The Path to Part-time Success

Recently one of my students asked me a question that I am embarrassed to say I don’t know the answer to. Maybe there isn’t one. She explained to me that she would like to work someplace for four or five years, and then go to working part time in order to start a family with her husband. Did I know of any fields of law or career paths which would be more accommodating to these goals? Sadly, I had to confess that my practical exposure to the profession was basically limited to the bill-hundreds-and-hundreds-of-hours-until-you-

make-partner-and-then-bill-hundreds-and-hundreds-more-hours career track. By and large, I enjoyed working at my firm. My colleagues were on the whole pleasant, intelligent, and decent people. On the other hand, I don’t know that I can in good faith advise my student that she ought to head to K Street to achieve her goals (or maybe I should; I’ve no doubt she has the brains and discipline to thrive there). Yet I don’t really know where I would suggest that she go to find her bliss. Suggestions?

You may also like...

10 Responses

  1. I can think of a few options off the top of my head:

    1. Licensing. Once one has a book of clients, this can be done both part time and remotely. Client sends draft, lawyer revises or comments and sends back.

    2. In-house counsel: At large companies, part time in-house counsel can still offer aid (see licensing above, for example). Many smaller companies might not be able to afford full time in-house counsel, and thus are willing to have part time in-house counsel.

    3. Trademark (and copyright) registration: Because most of the work is ex parte and with long lead times, an attorney can work part time without problem. The same is true with patent prosecution if the technical skills are there.

  2. David says:

    I’ve heard these areas of law aren’t hours-intensive and would be amenable to part-time practice:

    1) trusts and estates;

    2) tax; and

    3) employee benefits (counseling, not litigation).

    Similar to in-house, government practice is far more flexible than a private firm. That said, there can be a wide variation in expectations, depending on the particular government office.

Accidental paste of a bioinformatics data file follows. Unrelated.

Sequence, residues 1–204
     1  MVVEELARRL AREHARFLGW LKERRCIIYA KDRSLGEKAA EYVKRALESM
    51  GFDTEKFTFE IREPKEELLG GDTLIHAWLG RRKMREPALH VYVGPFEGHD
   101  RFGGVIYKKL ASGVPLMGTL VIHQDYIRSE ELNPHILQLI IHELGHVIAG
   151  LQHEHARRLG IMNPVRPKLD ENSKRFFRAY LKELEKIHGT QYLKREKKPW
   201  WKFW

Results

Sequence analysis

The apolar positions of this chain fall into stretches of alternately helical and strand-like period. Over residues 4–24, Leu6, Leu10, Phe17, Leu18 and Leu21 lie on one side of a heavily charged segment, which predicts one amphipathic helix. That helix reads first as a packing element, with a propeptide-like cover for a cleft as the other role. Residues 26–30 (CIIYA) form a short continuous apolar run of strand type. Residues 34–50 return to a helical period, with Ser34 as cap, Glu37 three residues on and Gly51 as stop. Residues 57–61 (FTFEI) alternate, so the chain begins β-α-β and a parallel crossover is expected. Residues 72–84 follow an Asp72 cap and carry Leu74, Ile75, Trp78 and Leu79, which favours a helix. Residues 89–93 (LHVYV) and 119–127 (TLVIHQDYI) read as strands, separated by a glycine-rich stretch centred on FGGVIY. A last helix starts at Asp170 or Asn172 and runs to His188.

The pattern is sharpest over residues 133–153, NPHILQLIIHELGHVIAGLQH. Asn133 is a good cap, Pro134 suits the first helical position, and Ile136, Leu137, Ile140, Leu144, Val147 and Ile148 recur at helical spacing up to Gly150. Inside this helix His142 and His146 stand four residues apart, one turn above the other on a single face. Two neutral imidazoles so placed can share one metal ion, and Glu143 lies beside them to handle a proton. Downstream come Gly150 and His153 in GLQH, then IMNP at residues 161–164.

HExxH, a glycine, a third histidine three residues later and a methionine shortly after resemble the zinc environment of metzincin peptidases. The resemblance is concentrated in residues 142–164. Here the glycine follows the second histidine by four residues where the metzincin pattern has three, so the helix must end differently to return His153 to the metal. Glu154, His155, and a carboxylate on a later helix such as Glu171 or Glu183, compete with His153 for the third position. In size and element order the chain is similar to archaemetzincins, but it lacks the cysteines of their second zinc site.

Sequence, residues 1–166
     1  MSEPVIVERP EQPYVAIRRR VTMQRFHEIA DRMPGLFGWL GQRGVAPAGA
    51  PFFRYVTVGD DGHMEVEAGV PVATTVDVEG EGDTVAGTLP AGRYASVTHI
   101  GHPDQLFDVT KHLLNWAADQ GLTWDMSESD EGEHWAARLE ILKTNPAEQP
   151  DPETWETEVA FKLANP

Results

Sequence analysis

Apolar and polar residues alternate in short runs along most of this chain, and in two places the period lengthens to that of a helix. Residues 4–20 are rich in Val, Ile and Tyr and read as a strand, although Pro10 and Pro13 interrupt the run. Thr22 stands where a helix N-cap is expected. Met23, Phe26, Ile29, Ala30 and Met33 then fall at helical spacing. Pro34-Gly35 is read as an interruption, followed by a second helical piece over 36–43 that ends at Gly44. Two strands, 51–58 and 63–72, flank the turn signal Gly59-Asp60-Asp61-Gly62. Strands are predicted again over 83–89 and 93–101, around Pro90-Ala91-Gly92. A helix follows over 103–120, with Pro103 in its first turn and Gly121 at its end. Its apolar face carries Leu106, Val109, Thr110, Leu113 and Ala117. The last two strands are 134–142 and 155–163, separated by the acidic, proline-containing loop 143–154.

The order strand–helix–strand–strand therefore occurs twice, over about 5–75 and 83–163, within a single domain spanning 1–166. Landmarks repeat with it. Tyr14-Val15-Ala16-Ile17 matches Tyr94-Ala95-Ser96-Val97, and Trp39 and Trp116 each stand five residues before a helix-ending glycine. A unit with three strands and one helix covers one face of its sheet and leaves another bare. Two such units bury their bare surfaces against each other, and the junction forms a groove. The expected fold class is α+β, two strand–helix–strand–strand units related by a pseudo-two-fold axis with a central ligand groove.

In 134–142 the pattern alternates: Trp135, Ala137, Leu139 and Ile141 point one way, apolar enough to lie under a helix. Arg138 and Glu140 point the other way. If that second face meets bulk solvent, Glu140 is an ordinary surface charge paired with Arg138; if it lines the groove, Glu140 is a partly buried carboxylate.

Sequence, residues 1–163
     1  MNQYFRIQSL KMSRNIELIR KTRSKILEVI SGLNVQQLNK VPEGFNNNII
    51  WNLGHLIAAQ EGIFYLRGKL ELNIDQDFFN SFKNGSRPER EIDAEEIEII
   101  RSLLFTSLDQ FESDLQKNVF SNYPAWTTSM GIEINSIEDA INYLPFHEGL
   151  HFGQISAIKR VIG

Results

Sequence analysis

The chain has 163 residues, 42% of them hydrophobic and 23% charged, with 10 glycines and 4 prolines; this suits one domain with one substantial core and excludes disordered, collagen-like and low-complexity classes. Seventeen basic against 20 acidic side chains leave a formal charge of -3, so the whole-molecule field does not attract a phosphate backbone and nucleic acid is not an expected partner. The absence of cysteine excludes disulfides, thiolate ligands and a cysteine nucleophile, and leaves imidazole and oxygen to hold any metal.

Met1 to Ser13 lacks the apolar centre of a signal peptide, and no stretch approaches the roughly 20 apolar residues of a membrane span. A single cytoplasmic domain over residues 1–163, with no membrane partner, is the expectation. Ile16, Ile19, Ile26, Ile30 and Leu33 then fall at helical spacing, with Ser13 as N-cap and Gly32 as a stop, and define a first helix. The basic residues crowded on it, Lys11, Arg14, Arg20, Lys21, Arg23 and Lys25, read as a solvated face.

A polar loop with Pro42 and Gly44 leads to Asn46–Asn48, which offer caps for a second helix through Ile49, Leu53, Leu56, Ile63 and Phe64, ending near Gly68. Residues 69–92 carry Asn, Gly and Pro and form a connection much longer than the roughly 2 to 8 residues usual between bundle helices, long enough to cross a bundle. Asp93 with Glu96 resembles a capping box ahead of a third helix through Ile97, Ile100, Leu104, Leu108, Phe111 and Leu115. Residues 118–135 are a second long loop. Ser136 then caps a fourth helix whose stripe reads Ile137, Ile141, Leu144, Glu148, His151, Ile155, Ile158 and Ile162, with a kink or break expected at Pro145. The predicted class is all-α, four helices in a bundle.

3. I just returned from the Ms. JD conference, which is building resources on options for women in the law. Also, check FlexTime Lawyers.

    Part of the problem when you work for others is your schedule is never your own. One of the major problems with law firm part time programs is “hours creep,” where the 35-40 hour schedule turns into 50 hours.

    I have my own practice, which I find is most compatible with part time practice because I can pick and choose my cases and workload. Criminal work is definitely not something that is amenable to part time, but virtually any other cases are. The issue is partly predictabiity, but partly amount. I have always handled 1-2 litigation matters annually as part of my part time repertoire, but more than that would be difficult. In my experience, Appellate work is excellent for part time, you do everything from home except show up for a 15 minute argument one morning. You can also do work on a contract or outsourcing basis for other attorneys. My specialty is regulatory work at FERC,many paper hearings, everything is electronic, very reasonble schedules and great pay because of my experience and the limited nature of the field.

  4. Jim Layton says:

    Government offices are great possibilities. In the Missouri Attorney General’s office, we have a number of part-time lawyers. Some have pure part-time schedules, carrying a portion of a caseload. Others “share” a particular job and case load.

    My favorite is the woman who went to half-time after her first child — and worked out an 10 hours at-home/10 hours in-office flextime arrangement with the office and her husband (who also works here) so that one parent was always home. She went down to 10 hours per week total after her second child was born.

    Of course, paying off law school debt may be pretty tough on our salaries.

  5. Deborah Cantrell says:

    The Project for Attorney Retention ( has a great website with information related to work/life balance at different types of legal workplaces. In particular, the Project has looked at how law firms and corporate legal departments handle parttime workers, and the ways in which parttime work can be more successfully utilized.

  6. Jeff Lipshaw says:

    Another possibility to consider is to sign on with a contract lawyer agency that provides fill-in or temporary lawyers. When I was at AlliedSignal, we used such a lawyer to much success (the agency was the Elaine P. Dine Agency in NYC) where we were selling a division and I didn’t want to bring in somebody as an employee either for the short-term or under false pretenses. I think the Wallace Law Registry was another group in Michigan that did this.

  7. mmmbeer says:

    I will take some exception to the suggestion that contract/licensing work is a good field to go part time in. It’s true that if you had a good book of clients that it might be possible to work out an accommodating schedule, however, the successful lawyers that I’m aware of that do similar transactional work tend to get fewer billable hours per hour at work simply because of the nature of the work (lots of fits and starts).

    In addition, the work does not always come with real long lead times. More often than not, it seems that such work comes in with very short deadlines or very anxious clients.

    Finally, depending on the complexity, the negotiating part of that line of work can be pretty time consuming.

  8. yclipse says:

    1. Appellate work

    2. General counsel for a smaller company

  9. anonymous says:

    Part time success is easy. Too bad its on a full time job, and the rest of it is failure of varying degrees.

  10. manish kumar says:

    i want to join this please help me how to jion?